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Composites or not?

Poll Results: Are you for or against Composite equipment?

 
  • 62% (15)
    For
  • 12% (3)
    Against
  • 25% (6)
    Not Fussed
24 Total Votes  
post #1 of 21
Thread Starter 
I am new to this range of equipment. What are the good brands? I heard Goode's a good one... any others? Pros, cons? Do you think it's worth it?
How do they compare to Aluminium ones (poles)?
Do they handle better (skis n boards)?
I ski and board and am thinking about buying some new gear, should I be looking at composites or not? Is that the way ski industry is headed or is it just a minority, like snow skates?
post #2 of 21
I am happy with the Goode poles I have had over the past 15 or so years.

Welcome to the forum, look around and make yourself at home.
post #3 of 21
composite poles are nice due to low swing weight and if you should over due a plant they absorb a good deal of shock. Be-careful of the "cheap Goode poles you see selling for around $29.00 on ebay and at the big box sports retailers. I think they are the Goode 7071? or something like that. Make sure you buy a pole with a lot of carbon fiber. The cheaper ones are mostly fiberglass they are not very strong and tend to snap in very cold temps. I have a Leki pole that is Aluminum on the top with a carbon fiber composite on the bottom. I have used the same pair 3 seasons now.
post #4 of 21
My older Goode poles are fine. It's the cheap straps that drive me nuts (limp as hell and hard to get into), sad last detail for one of their upper end (dollar wise) poles.

Thing to watch out for is the hollow versus the solid composite. I have the solid carbon fiber (very thin poles), great swing and low weight. They have about 250 days (or more) of hard use.

I believe most of the fracture/splinter problems were with the hollow poles.
post #5 of 21
Welcome to EpicSki, BCF!

I skied Goodes for a while, but switched to the Leki carbon/alu pole (top is aluminum, bottom is carbon). They are great for absorbing shock, are very light, and I love the Trigger.
post #6 of 21
Quote:
Originally Posted by Utah49
I think they are the Goode 7071? or something like that.
"Vylon"?
post #7 of 21
Quote:
Originally Posted by comprex
"Vylon"?
Yeah, heavy and they are not worth even the $29.00 they are being sold for.
post #8 of 21
i have the swix ct1 composite slalom poles and i think the are fantastic, perfect swing weight and very strong
post #9 of 21

Amen to that...

Quote:
Originally Posted by skiaus
i have the swix ct1 composite slalom poles and i think the are fantastic, perfect swing weight and very strong
...the Swix hand guards are also great. CT1s are really light and have a great feel. Durable, too...I've blocked thousands of slalom gates, no problems with poles or guards delaminating...
post #10 of 21
Thread Starter 

Are composites for the skilled?

From most of the replies it seems like composites are great for racing because of the lighter weight and shock absorbtion. I'm an intermediate skier, I like black runs but I don't race. I guess durability is a good thing, but aluminium poles are durable too. Are there composites in the intermediate range, other than the $29 heavy ones?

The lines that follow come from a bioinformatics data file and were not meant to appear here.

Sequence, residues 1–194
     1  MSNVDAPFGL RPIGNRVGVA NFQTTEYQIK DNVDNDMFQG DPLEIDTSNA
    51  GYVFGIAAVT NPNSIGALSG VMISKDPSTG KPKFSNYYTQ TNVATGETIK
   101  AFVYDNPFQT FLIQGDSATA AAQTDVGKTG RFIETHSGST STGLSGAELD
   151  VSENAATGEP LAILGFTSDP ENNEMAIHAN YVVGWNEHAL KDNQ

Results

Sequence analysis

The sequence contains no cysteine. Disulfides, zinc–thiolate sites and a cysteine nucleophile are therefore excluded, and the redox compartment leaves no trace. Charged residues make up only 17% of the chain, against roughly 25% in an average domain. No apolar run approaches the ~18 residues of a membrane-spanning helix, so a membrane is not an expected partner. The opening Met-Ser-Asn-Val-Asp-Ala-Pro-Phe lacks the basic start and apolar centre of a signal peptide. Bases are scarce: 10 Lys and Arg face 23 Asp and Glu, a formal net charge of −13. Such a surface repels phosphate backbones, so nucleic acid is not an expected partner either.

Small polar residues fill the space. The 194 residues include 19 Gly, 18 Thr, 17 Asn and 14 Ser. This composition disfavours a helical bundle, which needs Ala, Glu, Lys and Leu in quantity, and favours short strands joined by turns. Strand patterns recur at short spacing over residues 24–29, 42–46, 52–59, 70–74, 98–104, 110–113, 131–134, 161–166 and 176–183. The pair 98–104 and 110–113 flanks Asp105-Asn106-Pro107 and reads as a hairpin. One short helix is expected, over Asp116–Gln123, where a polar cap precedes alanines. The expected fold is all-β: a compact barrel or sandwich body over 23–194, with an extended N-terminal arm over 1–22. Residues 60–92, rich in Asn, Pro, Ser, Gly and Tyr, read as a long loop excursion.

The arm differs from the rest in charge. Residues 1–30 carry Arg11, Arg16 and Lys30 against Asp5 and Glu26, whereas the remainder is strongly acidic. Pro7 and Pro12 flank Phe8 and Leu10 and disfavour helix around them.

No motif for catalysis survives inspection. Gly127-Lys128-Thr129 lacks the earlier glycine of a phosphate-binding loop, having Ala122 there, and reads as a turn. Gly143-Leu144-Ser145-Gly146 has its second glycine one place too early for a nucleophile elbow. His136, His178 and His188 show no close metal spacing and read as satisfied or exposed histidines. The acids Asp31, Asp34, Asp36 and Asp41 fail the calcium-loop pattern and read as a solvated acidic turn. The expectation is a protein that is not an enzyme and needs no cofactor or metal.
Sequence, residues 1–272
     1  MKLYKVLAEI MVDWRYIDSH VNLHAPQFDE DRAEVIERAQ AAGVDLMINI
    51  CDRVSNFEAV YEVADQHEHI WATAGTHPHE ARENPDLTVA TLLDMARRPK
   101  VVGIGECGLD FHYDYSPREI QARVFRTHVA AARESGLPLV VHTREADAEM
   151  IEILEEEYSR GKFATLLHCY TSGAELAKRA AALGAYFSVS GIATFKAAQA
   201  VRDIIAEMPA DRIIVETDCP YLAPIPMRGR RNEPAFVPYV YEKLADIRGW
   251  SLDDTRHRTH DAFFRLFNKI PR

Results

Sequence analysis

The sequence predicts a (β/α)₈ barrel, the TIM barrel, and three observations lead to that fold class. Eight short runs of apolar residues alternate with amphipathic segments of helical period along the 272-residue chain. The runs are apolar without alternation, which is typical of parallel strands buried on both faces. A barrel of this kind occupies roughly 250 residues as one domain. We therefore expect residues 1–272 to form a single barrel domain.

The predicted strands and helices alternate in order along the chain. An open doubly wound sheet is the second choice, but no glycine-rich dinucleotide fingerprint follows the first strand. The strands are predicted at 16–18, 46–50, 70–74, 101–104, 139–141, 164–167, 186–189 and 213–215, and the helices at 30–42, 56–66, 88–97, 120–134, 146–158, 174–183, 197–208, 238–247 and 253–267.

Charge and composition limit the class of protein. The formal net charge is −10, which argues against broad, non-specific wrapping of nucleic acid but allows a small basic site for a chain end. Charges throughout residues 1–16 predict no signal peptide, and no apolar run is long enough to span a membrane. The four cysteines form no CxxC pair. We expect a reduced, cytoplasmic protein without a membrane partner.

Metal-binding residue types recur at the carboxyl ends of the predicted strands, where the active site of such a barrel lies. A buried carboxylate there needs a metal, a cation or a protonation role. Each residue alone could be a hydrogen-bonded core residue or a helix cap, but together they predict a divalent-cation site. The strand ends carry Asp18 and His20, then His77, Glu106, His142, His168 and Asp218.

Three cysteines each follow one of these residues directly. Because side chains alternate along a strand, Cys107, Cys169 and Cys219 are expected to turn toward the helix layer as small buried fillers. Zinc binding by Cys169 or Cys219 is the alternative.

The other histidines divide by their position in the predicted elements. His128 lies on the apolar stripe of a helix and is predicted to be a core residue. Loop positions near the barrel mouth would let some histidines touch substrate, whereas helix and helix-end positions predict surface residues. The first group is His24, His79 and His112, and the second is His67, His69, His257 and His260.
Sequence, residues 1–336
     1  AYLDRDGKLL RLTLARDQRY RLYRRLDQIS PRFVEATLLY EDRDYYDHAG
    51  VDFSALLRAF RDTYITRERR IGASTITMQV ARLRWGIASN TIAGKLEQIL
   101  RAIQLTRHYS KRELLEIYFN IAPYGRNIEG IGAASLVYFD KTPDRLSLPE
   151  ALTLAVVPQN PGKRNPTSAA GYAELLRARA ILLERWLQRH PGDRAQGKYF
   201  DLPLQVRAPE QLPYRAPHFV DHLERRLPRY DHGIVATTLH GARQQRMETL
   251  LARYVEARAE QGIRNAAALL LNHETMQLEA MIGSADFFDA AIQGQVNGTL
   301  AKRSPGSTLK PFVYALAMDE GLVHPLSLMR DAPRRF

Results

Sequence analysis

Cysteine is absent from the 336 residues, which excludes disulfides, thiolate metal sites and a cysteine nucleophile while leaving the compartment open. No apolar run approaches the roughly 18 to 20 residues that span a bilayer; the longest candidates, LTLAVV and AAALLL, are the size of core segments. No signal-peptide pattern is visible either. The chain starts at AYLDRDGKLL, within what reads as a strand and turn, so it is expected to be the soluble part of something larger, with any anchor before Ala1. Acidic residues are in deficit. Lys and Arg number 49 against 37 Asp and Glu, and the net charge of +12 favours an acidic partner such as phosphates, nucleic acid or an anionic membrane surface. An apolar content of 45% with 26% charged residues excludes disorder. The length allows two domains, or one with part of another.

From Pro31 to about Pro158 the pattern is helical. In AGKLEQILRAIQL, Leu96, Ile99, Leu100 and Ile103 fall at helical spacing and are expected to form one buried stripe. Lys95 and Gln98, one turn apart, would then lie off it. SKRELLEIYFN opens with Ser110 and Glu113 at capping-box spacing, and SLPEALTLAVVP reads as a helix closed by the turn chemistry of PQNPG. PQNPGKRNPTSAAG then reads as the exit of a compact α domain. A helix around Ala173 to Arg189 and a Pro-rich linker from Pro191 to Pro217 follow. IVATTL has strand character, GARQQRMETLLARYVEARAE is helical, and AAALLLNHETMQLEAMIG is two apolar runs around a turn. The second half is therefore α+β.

post #11 of 21
You may be overthinking this. Composites are a few gms lighter (unless you go for pricey titanium), but less durable (unless you go for pricey solid cores). Ask yourself how much you beat up your current poles? If not much, check REI for closeouts on Leki's like the others are talking about. Otherwise stick with aluminum and spend the difference on a lesson...
post #12 of 21
Composite poles do not bend, but they can snap. I personaly dont like the goode ones because they have no "weave" wich makes them easier to snap and less stiff. Look for poles that have a black / yellow weaved appearence to them. The yellow stuff is kevlar wich will make hte poles more durable and less likely to snap.

As far as skis go, ALL SKIS ARE COMPOSITES.
post #13 of 21
Scott aluminum GS poles with velcro adjustable strap. the slight bend helps absorb and a little easier to tuck with on cat tracks.

Small baskets are a problem in deep snow or hiking outback!
post #14 of 21
Scott World Cup, Aluminium. Have about 5 years on this pair, last pair I got about 7 out of before I lost them.
post #15 of 21
Leki alu with the trigger. They are nice. I don't like to spend too much on poles because I have a tendency to slice the bottoms off every few years.

I also have a pair of composite Goode that are too long. They are goode too.
post #16 of 21
Quote:
Originally Posted by tief schnee
Scott World Cup, Aluminium. Have about 5 years on this pair, last pair I got about 7 out of before I lost them.
I saw one of them under the chair at Copper near the top this weekend. The snow's melting. The poles are showing through...
post #17 of 21
What color? Fluorescent green with the orange stripe?
post #18 of 21
Quote:
Originally Posted by skiaus
i have the swix ct1 composite slalom poles and i think the are fantastic, perfect swing weight and very strong

On SAC today!
post #19 of 21
Quote:
Originally Posted by SHREDHEAD
On SAC today!
Good pole for a great SAC price.
post #20 of 21
What's the tab on the Swix poles doing for me?
post #21 of 21
Quote:
Originally Posted by tief schnee
What color? Fluorescent green with the orange stripe?
Nope. Not that one. Trying to remember... I remember that they were Scott Racers or WCs. Thinking black/gold? Or something like that.
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